Comeback stories are good. We like them because we’ve followed a great athlete or an artist, and after they (may) have fallen off the map a little, for injury or personal reasons, we cheer them on as they make a comeback. Turnaround stories are even better. Why? Because they’re not coming back from anywhere, instead, the people in the middle of the story have gone from one place to another – they’ve changed direction, they’ve turned things around. Most times we can identify what the significant turning points were: people, circumstance, opportunity, etc.
Paul the apostle has one of the best turnaround stories in the scriptures. So much so, Luke includes in three times in Acts. You can read it first in chapter 9, again in 22 and finally in 26. Why three times? Well, first, Luke wants us to know it, and second, I think he wants us to know that we can develop our own story of repentance and life change.
In Acts 22, Paul is in the middle of a few years of trials, persecution, flogging, and lots of back and forth in different courts. In this particular instance, he is mistaken for an Egyptian revolutionary who had a part in assassinating thousands of people. Paul was no assassin, at least not after his conversion. After speaking in Greek, they realized they had the wrong person. But that didn’t subside the angry mob of religious Jews. Paul had to switch to Hebrew (Aramaic) to really get their attention. Once he had their ears, he took the opportunity to share ‘his’ story. This was one of the reasons he came back to Jerusalem – to let ‘his’ people know that he was wrong about his previous thoughts about God and Jesus, and that there had been a drastic turnaround in his story.
What happened to Paul? He hit a wall. That wall was Jesus. In the height of his passionate disdain for people of the Way (early Christians), he encountered Jesus. Jesus told Paul that he wasn’t just persecuting christians, he was persecuting him. Meeting Jesus in this manner got Paul’s attention and gripped his heart. He was never the same. He took his passionate personality and used it for good instead of evil. Paul moved from hate to love, religion to relationship, persecutor to preacher, etc.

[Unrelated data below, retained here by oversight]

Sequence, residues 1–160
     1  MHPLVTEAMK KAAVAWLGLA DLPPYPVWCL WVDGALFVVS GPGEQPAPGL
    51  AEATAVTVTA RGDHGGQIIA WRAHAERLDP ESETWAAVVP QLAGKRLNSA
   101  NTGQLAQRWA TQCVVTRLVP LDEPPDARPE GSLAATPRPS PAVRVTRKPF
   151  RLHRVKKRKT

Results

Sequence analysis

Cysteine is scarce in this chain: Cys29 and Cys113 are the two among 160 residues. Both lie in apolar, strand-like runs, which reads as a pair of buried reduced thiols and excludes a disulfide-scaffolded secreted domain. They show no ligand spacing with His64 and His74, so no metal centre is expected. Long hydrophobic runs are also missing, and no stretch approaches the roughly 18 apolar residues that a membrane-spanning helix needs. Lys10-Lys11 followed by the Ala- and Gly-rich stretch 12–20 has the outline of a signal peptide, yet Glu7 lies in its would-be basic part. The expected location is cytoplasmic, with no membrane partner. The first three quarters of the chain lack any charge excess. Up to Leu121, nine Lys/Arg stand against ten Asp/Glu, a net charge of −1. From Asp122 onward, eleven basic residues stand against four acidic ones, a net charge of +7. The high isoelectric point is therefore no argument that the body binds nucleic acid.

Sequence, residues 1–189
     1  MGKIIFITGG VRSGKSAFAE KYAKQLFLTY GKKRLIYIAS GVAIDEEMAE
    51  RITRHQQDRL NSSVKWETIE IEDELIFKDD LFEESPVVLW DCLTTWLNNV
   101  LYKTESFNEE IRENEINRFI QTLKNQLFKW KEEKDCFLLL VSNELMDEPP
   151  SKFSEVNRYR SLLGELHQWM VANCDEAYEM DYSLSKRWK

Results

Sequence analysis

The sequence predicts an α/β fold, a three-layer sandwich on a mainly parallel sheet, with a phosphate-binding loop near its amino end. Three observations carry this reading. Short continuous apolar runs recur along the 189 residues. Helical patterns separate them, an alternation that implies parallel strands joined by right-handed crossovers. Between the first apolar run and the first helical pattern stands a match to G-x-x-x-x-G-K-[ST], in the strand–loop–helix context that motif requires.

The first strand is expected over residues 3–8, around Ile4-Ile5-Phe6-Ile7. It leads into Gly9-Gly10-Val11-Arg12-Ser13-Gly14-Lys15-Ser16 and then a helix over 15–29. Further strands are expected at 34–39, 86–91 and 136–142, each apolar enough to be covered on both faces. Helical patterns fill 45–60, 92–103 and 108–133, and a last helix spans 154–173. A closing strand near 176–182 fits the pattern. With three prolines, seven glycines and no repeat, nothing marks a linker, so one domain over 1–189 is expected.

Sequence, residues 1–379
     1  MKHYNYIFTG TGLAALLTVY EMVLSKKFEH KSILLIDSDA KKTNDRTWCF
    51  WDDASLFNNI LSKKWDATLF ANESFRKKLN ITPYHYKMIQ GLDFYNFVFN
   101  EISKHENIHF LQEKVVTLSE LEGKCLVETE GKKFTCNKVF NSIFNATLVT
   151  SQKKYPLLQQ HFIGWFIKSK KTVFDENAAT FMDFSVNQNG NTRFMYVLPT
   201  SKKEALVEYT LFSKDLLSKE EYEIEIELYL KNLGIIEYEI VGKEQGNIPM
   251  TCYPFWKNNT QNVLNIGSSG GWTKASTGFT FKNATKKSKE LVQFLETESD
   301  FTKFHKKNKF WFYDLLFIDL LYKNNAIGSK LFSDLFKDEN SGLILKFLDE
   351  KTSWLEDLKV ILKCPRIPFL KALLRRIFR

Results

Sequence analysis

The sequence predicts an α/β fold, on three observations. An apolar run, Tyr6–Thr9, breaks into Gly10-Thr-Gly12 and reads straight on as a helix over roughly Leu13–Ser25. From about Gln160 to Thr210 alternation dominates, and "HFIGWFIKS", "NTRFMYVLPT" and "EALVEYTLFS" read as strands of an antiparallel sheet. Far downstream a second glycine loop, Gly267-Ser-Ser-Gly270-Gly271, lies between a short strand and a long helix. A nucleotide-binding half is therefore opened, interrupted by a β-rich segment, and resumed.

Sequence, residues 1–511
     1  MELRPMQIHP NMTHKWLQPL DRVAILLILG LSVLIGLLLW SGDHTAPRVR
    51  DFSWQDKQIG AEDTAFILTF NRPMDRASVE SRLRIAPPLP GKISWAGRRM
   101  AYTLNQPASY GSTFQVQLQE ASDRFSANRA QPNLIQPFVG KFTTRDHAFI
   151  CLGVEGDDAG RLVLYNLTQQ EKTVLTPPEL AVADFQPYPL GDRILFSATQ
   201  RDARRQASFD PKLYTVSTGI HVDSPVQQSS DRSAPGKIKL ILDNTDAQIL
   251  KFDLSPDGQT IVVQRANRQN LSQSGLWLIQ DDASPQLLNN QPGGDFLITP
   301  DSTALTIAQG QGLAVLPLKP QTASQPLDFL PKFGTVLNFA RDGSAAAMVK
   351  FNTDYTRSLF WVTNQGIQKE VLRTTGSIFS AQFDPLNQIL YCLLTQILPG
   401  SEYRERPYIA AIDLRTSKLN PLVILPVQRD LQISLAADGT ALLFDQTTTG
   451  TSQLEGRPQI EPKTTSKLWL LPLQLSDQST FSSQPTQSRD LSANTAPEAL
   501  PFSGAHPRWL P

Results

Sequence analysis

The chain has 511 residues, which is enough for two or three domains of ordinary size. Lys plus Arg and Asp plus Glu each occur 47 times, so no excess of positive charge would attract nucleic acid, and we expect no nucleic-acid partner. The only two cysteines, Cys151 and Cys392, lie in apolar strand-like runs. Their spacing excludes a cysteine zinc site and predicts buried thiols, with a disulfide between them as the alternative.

There’s a verse in 1 Peter 2:9 that depicts this change in Paul, it can depict this change in any of us, “I’ve been called out of darkness, and into a marvellous light.” The light of Jesus opened Paul’s eyes; he could finally see that he totally missed the point about what it means to follow God. Jesus made God clear to him, by clear we mean that encountering Jesus showed Paul that God’s love was bigger than a nation, it was for the hole world. That’s right, God wanted his story to include everyone – us!
In the midst of trouble, flogging, trials, and persecution, Paul shared ‘his’ turnaround story.
What’s your story? Are you at the beginning (figuring Jesus out), the middle (discovering how to follow Jesus), or are you now able to look back and identify the things and people God’s used to point you towards himself. Have you thought about sharing your story, to help people get ‘unstuck’ from their past (darkness), and lead them to freedom in Jesus (light).
at your life today, what did God do, or who did he use, to get you here?
is God doing now, so you can become who you need to be tomorrow?
you share your story of God intersecting your life, of God turning you around,
of Jesus stopping you in your tracks, so that you can live in a different
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small(er) group questions:
– If you remember or have read Paul’s conversion story (Acts 9, 22, 26), what is most intriguing? What questions come up for you?
– Paul was a pretty tough guy. He ordered the death of early Jesus followers, and then watched the persecution happen. How does someone like that change?
– What about you? You may have not killed anyone (or maybe you have), but what has changed in you or what do you think needs some serious renovations? Can God do it? What will he need to use?
(BTW, Jesus said if you hate or show anger, your judgement should be the same, just sayin’ – Matthew 5:21-22)
– Revisit the final questions from the post above (in bold)?